SW: “Who decided all of this, where did it come from? Does anybody know where it came from?” 

GW: “Where did Chiefs parties come from?”

SW: “Yeah.”

GW: “Um, so each squadron in the Air Force kind had its tradition for…”

SW: “I mean it seems like it’s a giant hazing ritual.”

GW: “Um… yeah I mean so in my F-15 training unit, which was the deadly jesters, that was done in the squadron bar, we didn’t go out in the woods for that, and it wasn’t quite as elaborate. But, ya know, the deal there is that in order to get your name you had to drink some swill and then eat a raw egg shell and all, and then you would get your name, ya know?”

SW: “Significantly less elaborate.”

GW: “Yeah, it was less elaborate, it was a lot noisier, ya know, but they were naming every class of F-15 guys that came through, right? Cause we’d never been named, right?”

SW: “And that’s probably more people to…”

GW: “Yeah, and it was, ya know we had 15 in my class, so, ya know, it would be, ya know you’d get there and hang out, you’d be part of the squadron for two or three or four weeks, by that time they’ve kind of gotten to know you. Because naming is all about um, giving you… like, like some of my friends like to say, ya know, um, your parents give you the name that’s on your birth certificate but your buddies give you your real name, the one that you earn, right? So you earn it by doing something of distinction, it could be either something really spectacular or really sepctaculalrly stupid. And, and usually it has a double entendre to it in some way, right? Sometimes it’s sexual innuendo, sometimes it’s a play or a pun, sometimes it’s the opposite of what you are, like one of my friends Fast A., Fast Frank, was not fast, ya know? So… ya know. So, how does it come about? It comes about because part of your job is to go to really strange places, live there by yourself, with 20-300 of your favorite male friends, and let other people shoot at you on occasion. So, you kinda tend to come up with things that are silly. Now, in 1992, I guess, which was the 50th anniversary of the formation of the 335th Chiefs, back before the Air Force existed when it was the Army Air Corps, and in 1942, the 335th was actually part of the RAF as the American volunteer forces in Britain before -”

SW: “So you were in like one of the oldest squadrons.”

GW: “Yeah. And when they, in 1992 the Air Force did a um, heritage study, of all of the squadrons in the United States Air Force, to see which ones had the most heritage and the best traditions, and the 335th Chiefs were the number one most historic squadron in the United States Air Force.”

SW: “Which is why you have such elaborate rituals for naming people. That involve a lot of… stomping on initiates.”

GW: “There’s also roof stomping, that’s completely different.”


GW: “So this is absolutely initiation and acceptance, building of esprit de corps. It is a common bond, it is, I mean, people walk in, and part of the fun is ‘what’s your Chiefs name?’ ‘Oh… Chief Dripping Loincloth…’ ‘Oh really, where’d you get that?’”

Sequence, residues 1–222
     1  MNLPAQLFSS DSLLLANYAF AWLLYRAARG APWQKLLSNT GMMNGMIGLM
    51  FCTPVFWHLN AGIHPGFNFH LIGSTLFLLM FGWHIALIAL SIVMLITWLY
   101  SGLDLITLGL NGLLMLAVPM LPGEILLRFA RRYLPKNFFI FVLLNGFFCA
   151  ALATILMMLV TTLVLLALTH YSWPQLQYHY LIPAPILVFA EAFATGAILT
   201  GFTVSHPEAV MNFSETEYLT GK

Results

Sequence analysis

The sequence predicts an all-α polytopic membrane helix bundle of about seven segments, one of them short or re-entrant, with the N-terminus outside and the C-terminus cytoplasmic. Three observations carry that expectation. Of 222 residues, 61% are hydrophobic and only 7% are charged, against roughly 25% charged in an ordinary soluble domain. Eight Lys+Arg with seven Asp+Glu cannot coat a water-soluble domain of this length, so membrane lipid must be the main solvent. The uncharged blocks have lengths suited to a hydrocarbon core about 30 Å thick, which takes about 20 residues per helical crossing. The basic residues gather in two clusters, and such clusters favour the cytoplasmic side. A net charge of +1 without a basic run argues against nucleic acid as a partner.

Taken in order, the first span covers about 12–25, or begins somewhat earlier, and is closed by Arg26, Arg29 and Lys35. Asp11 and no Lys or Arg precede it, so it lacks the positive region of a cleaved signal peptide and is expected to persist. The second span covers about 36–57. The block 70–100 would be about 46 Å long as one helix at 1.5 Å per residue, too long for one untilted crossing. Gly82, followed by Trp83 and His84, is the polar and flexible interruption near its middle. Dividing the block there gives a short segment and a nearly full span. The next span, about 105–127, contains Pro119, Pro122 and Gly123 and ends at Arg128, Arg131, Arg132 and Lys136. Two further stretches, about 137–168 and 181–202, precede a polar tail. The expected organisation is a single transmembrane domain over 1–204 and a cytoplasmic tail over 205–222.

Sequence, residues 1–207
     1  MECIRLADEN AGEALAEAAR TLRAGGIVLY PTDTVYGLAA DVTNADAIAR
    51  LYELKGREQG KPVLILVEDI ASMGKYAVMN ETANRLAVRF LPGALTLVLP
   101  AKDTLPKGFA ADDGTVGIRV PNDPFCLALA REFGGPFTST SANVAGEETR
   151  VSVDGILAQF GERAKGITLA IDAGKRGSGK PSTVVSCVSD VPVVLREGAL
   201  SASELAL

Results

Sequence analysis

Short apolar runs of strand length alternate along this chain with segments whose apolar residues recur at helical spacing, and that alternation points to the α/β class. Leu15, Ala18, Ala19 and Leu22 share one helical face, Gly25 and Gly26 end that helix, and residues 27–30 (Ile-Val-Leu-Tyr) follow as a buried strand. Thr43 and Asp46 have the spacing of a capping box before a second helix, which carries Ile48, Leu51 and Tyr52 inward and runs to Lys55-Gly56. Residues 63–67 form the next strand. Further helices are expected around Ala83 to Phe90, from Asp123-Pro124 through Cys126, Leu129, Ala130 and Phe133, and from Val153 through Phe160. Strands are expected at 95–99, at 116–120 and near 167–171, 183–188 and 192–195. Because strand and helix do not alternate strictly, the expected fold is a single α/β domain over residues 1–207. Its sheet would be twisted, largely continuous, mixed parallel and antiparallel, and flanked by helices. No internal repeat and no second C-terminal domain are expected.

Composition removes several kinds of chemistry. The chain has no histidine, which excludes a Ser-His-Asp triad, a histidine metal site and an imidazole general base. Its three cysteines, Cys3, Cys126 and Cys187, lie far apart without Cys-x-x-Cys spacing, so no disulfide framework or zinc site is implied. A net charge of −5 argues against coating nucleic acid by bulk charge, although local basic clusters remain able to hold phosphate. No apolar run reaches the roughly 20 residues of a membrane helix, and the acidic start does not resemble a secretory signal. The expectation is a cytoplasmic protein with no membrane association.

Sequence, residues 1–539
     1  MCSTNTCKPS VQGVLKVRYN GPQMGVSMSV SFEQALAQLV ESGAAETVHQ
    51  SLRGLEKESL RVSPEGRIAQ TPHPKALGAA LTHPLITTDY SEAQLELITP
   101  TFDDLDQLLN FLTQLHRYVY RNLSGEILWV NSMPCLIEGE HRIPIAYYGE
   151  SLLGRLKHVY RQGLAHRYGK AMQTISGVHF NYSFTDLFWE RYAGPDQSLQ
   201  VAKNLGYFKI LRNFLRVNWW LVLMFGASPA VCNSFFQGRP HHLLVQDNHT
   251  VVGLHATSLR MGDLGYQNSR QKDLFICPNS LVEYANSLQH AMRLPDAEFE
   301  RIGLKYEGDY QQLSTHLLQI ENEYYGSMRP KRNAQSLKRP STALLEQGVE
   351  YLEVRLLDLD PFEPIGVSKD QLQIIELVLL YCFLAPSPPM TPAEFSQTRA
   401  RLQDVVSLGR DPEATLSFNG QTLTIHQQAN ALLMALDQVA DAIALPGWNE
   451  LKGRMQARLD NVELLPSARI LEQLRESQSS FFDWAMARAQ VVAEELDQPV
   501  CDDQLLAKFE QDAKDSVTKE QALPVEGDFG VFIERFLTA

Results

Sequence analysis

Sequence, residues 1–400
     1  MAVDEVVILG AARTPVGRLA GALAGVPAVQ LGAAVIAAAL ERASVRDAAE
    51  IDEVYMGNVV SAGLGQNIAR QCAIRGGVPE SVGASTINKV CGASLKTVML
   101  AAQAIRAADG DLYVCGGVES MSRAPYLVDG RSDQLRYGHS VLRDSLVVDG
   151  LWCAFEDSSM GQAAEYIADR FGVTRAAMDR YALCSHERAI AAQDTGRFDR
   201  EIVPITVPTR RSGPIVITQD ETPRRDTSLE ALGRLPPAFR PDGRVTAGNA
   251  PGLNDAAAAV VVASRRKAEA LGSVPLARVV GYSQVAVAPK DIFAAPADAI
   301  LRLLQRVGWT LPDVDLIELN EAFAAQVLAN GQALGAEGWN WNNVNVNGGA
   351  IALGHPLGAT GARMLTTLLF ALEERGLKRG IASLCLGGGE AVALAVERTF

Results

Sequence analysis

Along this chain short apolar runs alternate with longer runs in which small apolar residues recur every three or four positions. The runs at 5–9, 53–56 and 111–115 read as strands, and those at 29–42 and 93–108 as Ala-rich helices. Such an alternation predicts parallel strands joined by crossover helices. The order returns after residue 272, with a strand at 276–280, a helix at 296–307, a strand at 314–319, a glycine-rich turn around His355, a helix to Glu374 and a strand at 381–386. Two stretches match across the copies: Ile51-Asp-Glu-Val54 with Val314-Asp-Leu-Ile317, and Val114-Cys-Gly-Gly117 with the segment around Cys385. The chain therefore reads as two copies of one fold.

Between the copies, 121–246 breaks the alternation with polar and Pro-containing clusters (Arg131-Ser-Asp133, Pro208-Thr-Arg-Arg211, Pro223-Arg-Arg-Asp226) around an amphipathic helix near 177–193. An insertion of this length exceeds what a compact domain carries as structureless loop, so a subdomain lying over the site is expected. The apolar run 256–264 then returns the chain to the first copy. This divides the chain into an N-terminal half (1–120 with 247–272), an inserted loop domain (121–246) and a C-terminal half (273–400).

SW: “Yeah you’ve lucked out with names that aren’t really particularly bad. Doc doesn’t really have any story behind it.”

GW: “Well, the story behind that is that the guy, the OpsO, was, his call sign was Doc. And he liked me, and I was excelling, I mean this was in the F-15 class. I’d already graduated number one out of nav school. I’d graduated as the air-to-air and overall top gun out of F-15 school. So, and then my last name being Watson, he just called me Doctor Watson, so, ya know. As in Sherlock Holmes and.”

SW: “Yeah, no, I get that one all the time too. In fact [significant other] calls me Watson now too because of Sherlock.”

GW: “Yeah. So that’s where that one came from.”

SW: “And crooked beak is just a, you have a big nose.”

GW: “Yup. I mean, there were, so I think what was on the table was Crooked Beak and Texas Turtle.”

SW: “Why Texas Turtle?”

GW: “Because apparently they thought I was slow or lazy or something, ya know? Because mostly I’d be like ‘Eh, we don’t need to work that hard.’”

SW: “Yeah, that sounds about right.”

GW: “They didn’t really have much more than that on me. Cause mostly, I was the instigator, not the guy that was gonna get caught. Most of the time.”

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Analysis:

The tradition of naming ceremonies in the Air Force, as well as the names themselves, provide an in-depth look at many values and beliefs shared by members of the Air Force, and especially fighter pilot squadrons. The first, most obvious reason for their existence is to form a camaraderie within the squadron. By having elaborate initiation rituals that only insiders would know, and bestowing unique nicknames that can only be used by the initiated, the group forms a bond of exclusivity. 

This initiation ceremony also both honors and removes the liminal status of new members of the squadron. The “boys,” as they were called in GW’s squadron, can not be considered full members of the group until they have undergone this ritual. When squadrons are sent into combat, it is vital that all members can trust and rely on each other in all circumstances – their lives depend on it. The naming ceremony provides a way to quickly build this trust when you may not actually know someone very well before you are sent into battle with them.